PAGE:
Posted July 7, 2013
In the Saturday edition of the local daily newspaper, there appeared the first of a six-part series on Guelph’s checkered 13-year history of waste management. Predictably, it will be a schmooze series extolling how successful Mayor Farbridge’s waste management has become in the past five years.
But has it?
The first installment was a background piece of the history of the Farbridge inspired plan to divert waste from the landfill and witness the city “clawing its way back to the top of the waste management game.”
So, a $52 million experiment to completely change the way waste is collected and processed has now become a “game”. Is the administration’s objective now, according to the headline of the first part of the series, to win “the game”?
Is the prize the Stanley Cup of waste management?
The Aecon consultant’s report on the Organic Waste Processing Plant’s (OWPF) 2012 performance reveals what really occurred. The operation failed to meet its production targets.
The Dunlop Road waste management facility that includes the $34 million OWPF and recycling operations processed a total of 105,915 tonnes in 2012.
Here’s the breakdown:
OWPF processed 17,338 tonnes or 16 per cent of the total
The recycling operation processed 40,037 tonnes or 38 per cent
Some 8,163 tonnes of brush, leaves and yard waste was handled or 8 per cent
Some 40,377 tonnes or 38 per cent processed mixed solid and medical waste and contaminated soil. (Note , this material may include pre-treated solid sewage waste that goes into the landfill).
The newspaper series states the city achieved a “quite remarkable 68 per cent diversion rate.” The basis of this statement is not explained.
The old adage, liars figure and figures lie, comes to mind.
The Aecon study stated that 48,715 tonnes were shopped to the landfill while another 105 tonnes was sent to a Niagara Falls, NY waste facility. That results in 46.093 per cent of the total processed waste of 105,915 tonnes was diverted last year to the landfill.
Now Guelph’s garbage destined for the landfill will be shipped under the terms of a new contract with Waste Management, to a site that is 181 kms from the city.
Is this part of the administration’s strategy to reduce the amount of garbage destined to the landfill and excessive amounts of carbon dioxide into the atmosphere?
But let’s parse the numbers a little more. The OWPF is designed to handle 30,000 tonnes of wet waste a year. Of that total, The City of Guelph produces 10,000 tonnes while the Region of Waterloo is contracted to supply a minimum of 20,000 tonnes per year.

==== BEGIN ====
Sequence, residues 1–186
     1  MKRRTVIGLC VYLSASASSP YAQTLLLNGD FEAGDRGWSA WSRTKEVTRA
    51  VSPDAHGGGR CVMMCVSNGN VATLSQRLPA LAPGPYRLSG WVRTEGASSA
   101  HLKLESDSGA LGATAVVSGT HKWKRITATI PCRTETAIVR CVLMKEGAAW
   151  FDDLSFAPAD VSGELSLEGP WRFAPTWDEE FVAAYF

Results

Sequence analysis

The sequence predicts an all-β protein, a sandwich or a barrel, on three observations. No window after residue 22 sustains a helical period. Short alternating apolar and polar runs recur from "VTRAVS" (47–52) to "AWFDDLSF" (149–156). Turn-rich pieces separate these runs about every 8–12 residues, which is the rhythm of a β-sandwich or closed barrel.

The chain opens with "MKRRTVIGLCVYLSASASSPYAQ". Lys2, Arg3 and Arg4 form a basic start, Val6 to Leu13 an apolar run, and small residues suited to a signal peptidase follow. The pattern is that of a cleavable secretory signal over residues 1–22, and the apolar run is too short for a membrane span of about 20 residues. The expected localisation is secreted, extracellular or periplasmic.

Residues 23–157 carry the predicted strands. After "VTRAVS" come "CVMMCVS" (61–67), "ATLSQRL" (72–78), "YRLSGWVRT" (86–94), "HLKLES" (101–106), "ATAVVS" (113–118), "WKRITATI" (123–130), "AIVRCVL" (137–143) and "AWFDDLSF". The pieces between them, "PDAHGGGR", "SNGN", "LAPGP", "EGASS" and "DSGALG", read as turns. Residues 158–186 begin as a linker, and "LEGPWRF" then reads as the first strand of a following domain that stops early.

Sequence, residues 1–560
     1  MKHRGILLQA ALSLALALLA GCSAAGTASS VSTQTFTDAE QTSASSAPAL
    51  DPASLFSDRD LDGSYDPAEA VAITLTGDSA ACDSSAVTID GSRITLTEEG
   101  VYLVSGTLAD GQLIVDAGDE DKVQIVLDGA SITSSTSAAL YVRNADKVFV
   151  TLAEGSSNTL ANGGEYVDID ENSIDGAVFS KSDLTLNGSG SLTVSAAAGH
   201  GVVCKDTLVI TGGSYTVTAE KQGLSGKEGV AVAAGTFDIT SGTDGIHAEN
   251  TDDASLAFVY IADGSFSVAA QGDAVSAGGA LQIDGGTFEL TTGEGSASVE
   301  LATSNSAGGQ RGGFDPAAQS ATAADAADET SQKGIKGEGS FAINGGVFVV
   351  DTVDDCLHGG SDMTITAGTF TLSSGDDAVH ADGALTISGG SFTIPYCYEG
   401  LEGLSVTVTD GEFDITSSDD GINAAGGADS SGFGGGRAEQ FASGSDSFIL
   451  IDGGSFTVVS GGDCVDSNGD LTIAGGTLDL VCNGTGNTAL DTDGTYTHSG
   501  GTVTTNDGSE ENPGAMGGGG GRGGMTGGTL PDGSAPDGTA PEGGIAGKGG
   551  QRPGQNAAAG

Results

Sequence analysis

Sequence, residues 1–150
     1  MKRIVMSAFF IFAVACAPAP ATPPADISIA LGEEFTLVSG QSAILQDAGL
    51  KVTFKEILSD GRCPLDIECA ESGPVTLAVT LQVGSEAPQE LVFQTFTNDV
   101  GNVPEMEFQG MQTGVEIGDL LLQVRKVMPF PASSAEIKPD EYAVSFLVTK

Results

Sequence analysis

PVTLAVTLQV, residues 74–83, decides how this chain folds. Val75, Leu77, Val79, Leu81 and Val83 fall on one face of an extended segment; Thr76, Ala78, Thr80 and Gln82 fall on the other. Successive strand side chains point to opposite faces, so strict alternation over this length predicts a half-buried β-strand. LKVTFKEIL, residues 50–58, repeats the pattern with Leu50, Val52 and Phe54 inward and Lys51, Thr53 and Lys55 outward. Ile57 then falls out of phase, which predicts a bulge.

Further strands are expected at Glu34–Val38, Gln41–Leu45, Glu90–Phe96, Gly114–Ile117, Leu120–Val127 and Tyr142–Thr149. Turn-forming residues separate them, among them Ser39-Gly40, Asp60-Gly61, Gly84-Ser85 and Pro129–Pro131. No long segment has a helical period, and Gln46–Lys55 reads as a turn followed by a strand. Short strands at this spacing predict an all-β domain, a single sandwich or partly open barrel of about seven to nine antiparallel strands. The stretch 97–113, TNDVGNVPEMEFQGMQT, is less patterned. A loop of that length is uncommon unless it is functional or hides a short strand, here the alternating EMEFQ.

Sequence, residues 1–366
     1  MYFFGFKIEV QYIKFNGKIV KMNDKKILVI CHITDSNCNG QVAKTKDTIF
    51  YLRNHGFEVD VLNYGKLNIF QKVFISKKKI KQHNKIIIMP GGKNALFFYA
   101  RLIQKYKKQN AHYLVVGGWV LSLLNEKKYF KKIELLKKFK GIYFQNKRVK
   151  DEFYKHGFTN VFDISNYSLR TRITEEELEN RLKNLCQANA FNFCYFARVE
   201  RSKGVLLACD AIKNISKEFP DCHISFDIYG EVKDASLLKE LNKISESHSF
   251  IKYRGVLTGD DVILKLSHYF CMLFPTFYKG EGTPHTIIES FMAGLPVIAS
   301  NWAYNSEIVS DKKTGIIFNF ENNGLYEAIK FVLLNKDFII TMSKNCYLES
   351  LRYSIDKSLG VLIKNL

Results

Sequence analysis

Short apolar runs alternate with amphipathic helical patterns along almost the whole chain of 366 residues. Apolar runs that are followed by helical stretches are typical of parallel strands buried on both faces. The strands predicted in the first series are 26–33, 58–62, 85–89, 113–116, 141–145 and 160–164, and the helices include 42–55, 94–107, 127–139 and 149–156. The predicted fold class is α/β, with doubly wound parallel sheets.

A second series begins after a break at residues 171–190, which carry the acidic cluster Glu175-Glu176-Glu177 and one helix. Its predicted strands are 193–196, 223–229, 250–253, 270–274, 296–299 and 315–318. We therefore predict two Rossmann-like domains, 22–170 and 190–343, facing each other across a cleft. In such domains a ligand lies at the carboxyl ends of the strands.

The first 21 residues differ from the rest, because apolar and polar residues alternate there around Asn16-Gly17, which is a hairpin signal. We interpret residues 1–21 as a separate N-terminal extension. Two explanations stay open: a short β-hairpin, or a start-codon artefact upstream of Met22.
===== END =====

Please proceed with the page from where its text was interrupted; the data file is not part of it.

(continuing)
In its first full year of operation, the operation fell far short of that target. The break-in period of the facility was delayed by deficiencies in the plant design and equipment. To add insult to injury, the city imported wet waste from Hamilton to test the OWPF operation.
Undeterred, the Mayor and her waste management chief, Janet Laird, pressed on to put the plant in full operational mode. Meanwhile the Guelph taxpayers, who built the plant, are left wondering why their organic wet waste plant was built to accommodate the needs of a neighbouring municipality.
There is also the spectre of competition from a new automated recycling plant operated by Waste Management in Cambridge that is sucking business away from the Guelph facility. The Guelph operation is labour intensive as the material is sorted by hand.
Was this an example of high stakes gamesmanship or a monumental ego trip by the Mayor and her cohorts? Perhaps both.
There is no evidence that a cost/benefit analysis was undertaken before the OWPF project was launched. There are no financial details of the contract with plant contractor Maple Reinders and Aim Environmental, its subsidiary company operating the plant and selling its capacity.
Taxpayers have been left in the dark. The Public Liaison Committee is composed of a mixture of concerned citizens and non-resident members. Its focus has been on the operations of the plant as opposed to the costs of operation. It was not exposed to the financial details of the operation.
So the next five days will see a manufactured newsprint journey explaining what a great job the city is doing to manage our garbage.
If the first of the series is intended to be the scene setter, this exercise will turn out to be the longest running public relations snow job we have seen in the local daily in sometime.
And they call this a game?